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  • 1. Journal of Environment and Earth Science www.iiste.org ISSN 2224-3216 (Paper) ISSN 2225-0948 (Online) Vol. 3, No.7, 2013 78 Analysis of the Rate of Change of Mangrove Forest Ecosystem in Calabar South, Nigeria Dr. Okpiliya F.I, Effiong E.B. and Udida A.A (Ph.D). E-mail: fetiongokpiliya@yahoo.com Department of Geography and Environmental Science, University of Calabar, Calabar. Abstract The study aimed at determining the magnitude of change of the mangrove forest ecosystem in the coastal communities of Calabar. Also, this study examined the volume of mangrove trees exploited by the inhabitants of the study area. Five communities highly noted for the exploitation of mangrove in the area were used for the study – Anantigha, Efut Obufa Esuk, Cobhan-Duke Town, Henshaw town and Mbukpa Akani Esuk orok. Volume of wood exploited and which was determined by the researchers using the single tree stumpage volume with the formula, Where π= 3.143 G = Girth at breast height (M ) and Ht = Tree height (M). However, Tariff rate/pole and merchantable tree (logs), height, were gathered from the Monthly tree Analysis Report of Forestry Department in Calabar. In order to establish trend of mangrove forest change over years, a multi-temporal image data of the mangrove vegetation covering the area (1970 – 2011) was acquired and processed. These Include: a Toposheet (1970) derived from an aerial photo of 1970, Landsat imagery 1970, 1986, 2011 at 30m resolution. These data sets were geo- referenced into a common framework in a G.I.S environment (Arc. GIS 9.3) after which they were digitized and delineated into mangrove class, and other Non – Mangrove classes (Fresh Water Swamp, Nypa palm, Farm land and so on.) The Landsat imagery was also treated likewise. Intersection operations of the above data sets were carried out to determine the change in mangrove area coverage between the different time periods in consideration (1970, 1991 and 2011). Indices of mangrove forest change which includes: Intensity Index, or potential trend which is given by; Tі = Ubi – Uai, (1, 2…8) was computed, dynamic index whose formula is Ki = Ubi – Uai x 1 /T x100%, (1, 2….8) was equally determined and finally the Contribution rate of change given as Ai = Ubi – Uai ∑(Ubi – Uai) was analyzed. The result of analysis revealed among other things. i. The rate of areal change of mangrove ecosystem has been in the neighbourhood of -2.75km2 between 1970 and 1990 and -32.12km2 between 1991 and 2011. ii. The areal cover of Nypa palm has been on increase from 3.04km2 between 1970 and 1990 to 31.86 between 1991-2011. iii. With mean value of total annual number of mangrove trees exploited was put at 6225. It was discovered that eleven years (2001-2011) recorded over exploitation. Introduction Mangrove forests are estuarine ecosystems in the inter-tidal and tropical sub tidal shallow zones of the world. They cover about 18 million hectares (Ukpong 2007) or 0.6 percent of all inland forests across the globe (Sanger et al 1986). Originally, mangrove dominated over two-thirds of the earth’s tropical and subtropical coasts. But today, less than half of this portion is left due to human interferences. From an estimated remnant of 22 million hectares of mangrove worldwide, 17 per cent is currently located in Africa (Aksornkoae, 1998). Ukpong (2007) indicated that Nigeria has the largest mangrove forest in Africa being the third largest mangrove in the World covering a total of 999,400 hectares along the West Atlantic coast of Africa. Once dismissed as swampy Wastelands, mangrove forests perform multiple ecological functions as the production of woody trees, provision of food and spawning grounds for fish and shellfish; provision of habitats for birds and other valuable fauna. They also protect coastlines and aid in the accretion of sediments to form new land (Hamilton et al, 1984). Some of these functions have benefits far beyond the geographical limit of the mangrove zone itself. Quite disheartening from observation is the tendency among humans to explore, exploit and manipulate mangrove forests beyond their ecological tolerance. Pressures resulting from population growth, improved technology in resource exploitation and utilization, economic development and urban expansion have seemed to be seriously impacting on the mangrove ecosystems. The preponderance of human activities such as, poorly executed logging operation, land reclamation and conversion into slumps farms; fishponds and privatization of these marginal lands for development purpose constitute threat to the forest of the study area.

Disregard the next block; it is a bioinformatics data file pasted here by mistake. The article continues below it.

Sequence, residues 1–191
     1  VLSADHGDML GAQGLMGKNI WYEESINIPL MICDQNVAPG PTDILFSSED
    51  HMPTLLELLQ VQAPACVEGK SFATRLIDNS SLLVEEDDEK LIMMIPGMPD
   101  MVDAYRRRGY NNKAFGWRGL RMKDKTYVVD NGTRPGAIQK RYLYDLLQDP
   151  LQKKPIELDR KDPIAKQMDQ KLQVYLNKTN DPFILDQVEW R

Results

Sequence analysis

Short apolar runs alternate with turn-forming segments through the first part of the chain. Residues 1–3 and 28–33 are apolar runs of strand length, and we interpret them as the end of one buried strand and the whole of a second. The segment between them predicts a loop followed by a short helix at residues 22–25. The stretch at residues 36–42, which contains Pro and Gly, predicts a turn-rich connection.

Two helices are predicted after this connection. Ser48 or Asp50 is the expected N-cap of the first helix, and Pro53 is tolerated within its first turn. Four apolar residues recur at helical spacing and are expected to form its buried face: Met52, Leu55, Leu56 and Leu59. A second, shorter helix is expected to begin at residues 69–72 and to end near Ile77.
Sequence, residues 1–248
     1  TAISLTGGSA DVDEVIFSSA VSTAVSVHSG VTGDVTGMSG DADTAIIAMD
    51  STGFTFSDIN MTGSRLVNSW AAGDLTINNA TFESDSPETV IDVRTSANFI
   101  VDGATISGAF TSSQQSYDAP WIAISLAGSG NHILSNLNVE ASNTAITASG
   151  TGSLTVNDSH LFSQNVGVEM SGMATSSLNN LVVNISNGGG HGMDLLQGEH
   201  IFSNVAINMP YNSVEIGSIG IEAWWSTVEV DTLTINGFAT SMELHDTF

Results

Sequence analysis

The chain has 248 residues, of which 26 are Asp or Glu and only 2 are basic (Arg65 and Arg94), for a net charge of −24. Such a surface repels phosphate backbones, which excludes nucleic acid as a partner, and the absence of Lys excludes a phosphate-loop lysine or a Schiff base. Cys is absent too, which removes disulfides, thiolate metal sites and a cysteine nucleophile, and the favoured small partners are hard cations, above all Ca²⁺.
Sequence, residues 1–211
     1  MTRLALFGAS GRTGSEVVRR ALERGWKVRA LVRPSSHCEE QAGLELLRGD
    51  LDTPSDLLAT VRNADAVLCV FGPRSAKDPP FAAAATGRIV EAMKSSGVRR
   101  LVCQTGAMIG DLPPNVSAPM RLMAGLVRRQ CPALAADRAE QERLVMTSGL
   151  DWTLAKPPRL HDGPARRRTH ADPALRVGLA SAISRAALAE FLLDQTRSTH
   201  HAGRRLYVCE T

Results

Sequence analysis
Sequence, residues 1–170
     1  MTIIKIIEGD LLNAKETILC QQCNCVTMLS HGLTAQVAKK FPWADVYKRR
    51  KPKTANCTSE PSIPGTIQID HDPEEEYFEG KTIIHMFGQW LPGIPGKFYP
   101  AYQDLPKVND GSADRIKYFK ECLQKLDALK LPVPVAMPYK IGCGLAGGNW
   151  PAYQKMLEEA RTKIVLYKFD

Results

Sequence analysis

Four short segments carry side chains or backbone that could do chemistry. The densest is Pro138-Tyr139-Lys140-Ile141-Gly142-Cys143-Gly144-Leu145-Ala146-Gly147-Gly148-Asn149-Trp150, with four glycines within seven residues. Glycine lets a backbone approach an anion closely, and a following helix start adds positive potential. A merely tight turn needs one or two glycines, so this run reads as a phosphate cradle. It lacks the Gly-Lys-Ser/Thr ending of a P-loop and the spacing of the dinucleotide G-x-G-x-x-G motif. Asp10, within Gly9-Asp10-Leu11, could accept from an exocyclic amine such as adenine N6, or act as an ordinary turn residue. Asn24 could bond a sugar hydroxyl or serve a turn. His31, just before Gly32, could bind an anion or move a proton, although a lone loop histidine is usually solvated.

• 2. Journal of Environment and Earth Science www.iiste.org ISSN 2224-3216 (Paper) ISSN 2225-0948 (Online) Vol. 3, No.7, 2013 79 For some time now, emphasis on both global and regional scales in the study of all aspects of forestry has been on upland forest with little or no focus on mangrove as a unique ecosystem in its own right. This situation revealed itself in Calabar South of Cross River State dated back to the colonial days where several areas of its eco-zones in the tropical High forest were designated as forest reserved for conservation and protection of their biological richness, but in the case of mangrove ecosystems of the coastal communities of Cross River State it was left out. Being in this status, the mangrove forest of Calabar south was regarded as a “forgotten habitat” except for all sorts of socio economic activities and interferences by the inhabitant of the area who used it as a source of livelihood. Between 1980 and 2006 a quarter of the mangrove in West Africa was said to have disappeared and it is expected that loss rate will rise to as much as 70 per cent, if no measures are taken. The degradation of this ecosystem has a considerable impact on biological diversity and the socio-economic activities depending on it. Such impacts include: the disappearance of species of fauna and flora, poverty, employment and disputes. In view of the high tendency now regarding mangrove deforestation, the area of Nigerian mangroves (calabar south inclusive) has dropped from 9,990km2 to 7,386km2 between 1980 and 2006 (World Rainforest movement 2009). Nypa palm (Nypa frutican) introduced in Calabar (Eastern Niger Delta) in 1906 is taking replacement now by expanding and spreading into the degraded mangrove areas over the past few decades. A significant aspect of the distribution and spread of the palm is the near complete absence of mangrove vegetation in the places that the palm has effectively colonized. Going by the rate of spread of the palm, the displacement of native Rhizophora mangrove vegetation by the alien palm is gradually leading to habitat alteration and loss in mangrove productivity (World Rainfoest Movement, 2009). Perhaps, the massive destruction of mangrove associated with military use of herbicides in Vietnam decades ago, spurred a new zeal among Asian scientists to research into the possible implications of this unwholesome practice of man on mangroves. Although Ekeke (2003) had beamed his searchlight on measures of poverty reduction among communities in the mangrove regions of Nigeria, the approach adopted like that of others veered away from providing deeper insight into the trend of destructions and their related consequences on the environment and man. In other words, it implies that a reasonable work has been done but not enough especially in the associated area of change rate of the mangrove ecosystem of Calabar south, Cross River State of Nigeria. Hence, the gaps this study tends to fill Objectives of the study The objectives of this study include: i. To determine the rate of mangrove forest change in the area over time. ii. To determine the number and volume of mangrove trees exploited by the inhabitants of Calabar South. iii. To map out the change in mangrove forest ecosystem over the years. iv. To examine annual variation in the exploitation of mangrove trees. Study Area Calabar South Local Government is the study area. It is located along the Nigeria-Cameroon coast between Latitude 40 55’N and longitude 80 16’E being part of the Calabar mangrove Estuary under West African mangrove sub formation (Ukpong 1995). Locally, it is bounded to the north, east and west by Calabar Municipality and Odukpani Local Government Areas respectively. It is bounded to the south east by Akpabuyo L.G.A. The area is flanked on its eastern and western borders by two rivers, the Great Kwa and Calabar River respectively and to the south, by the Atlantic Ocean. The climate of the area is humid tropical although rainfall occurs throughout the year. The place experiences double maxima, rainfall regime in July and September (1880 mm), the lowest rainfall values of 240 mm occur from December to February (Met; serv. 1980). The temperature is uniformly high with a maximum of 300 C and minimum of 230 C. The area has a high relative humidity usually between 80% and 100% and vapour pressure in the air averaged 29 millibars throughout the year. High salinity (3.8 ± 0.4%) is limited to the dry season while lower salinity (0.5 ± 0.6%) occurs in the rainy season (Ukpong1995). Tidal amplitude in the estuary ranges from 2.01m at spring tides to 1.07m at neap tides (Nigerian Navy 1986). The present settlement starts from the mouth of the estuarine coastline and projects to the hinterland and it’s growth to the south is limited by the mangrove swamps. Fallow land is available only eastwards up to the Great Kwa River and northward. The area is an interflurial settlement, typical in this part of the country built on high area between two adjacent rivers. This locational advantage permits easy access especially through waterways for intending migrants who are mostly fishermen and traders in wood and craft items to the area. However, the swamp as a whole varies by less than 1 in 500 metres in elevation except on the upland forest ecotone where abandoned levees may exceed 1in 500metres(Ukpong 1995). The settlement pattern following the order above takes the linear shape except within and extending 20km of the mangrove forest area to the Atlantic ocean, some clustered fishing settlement pattern are identified otherwise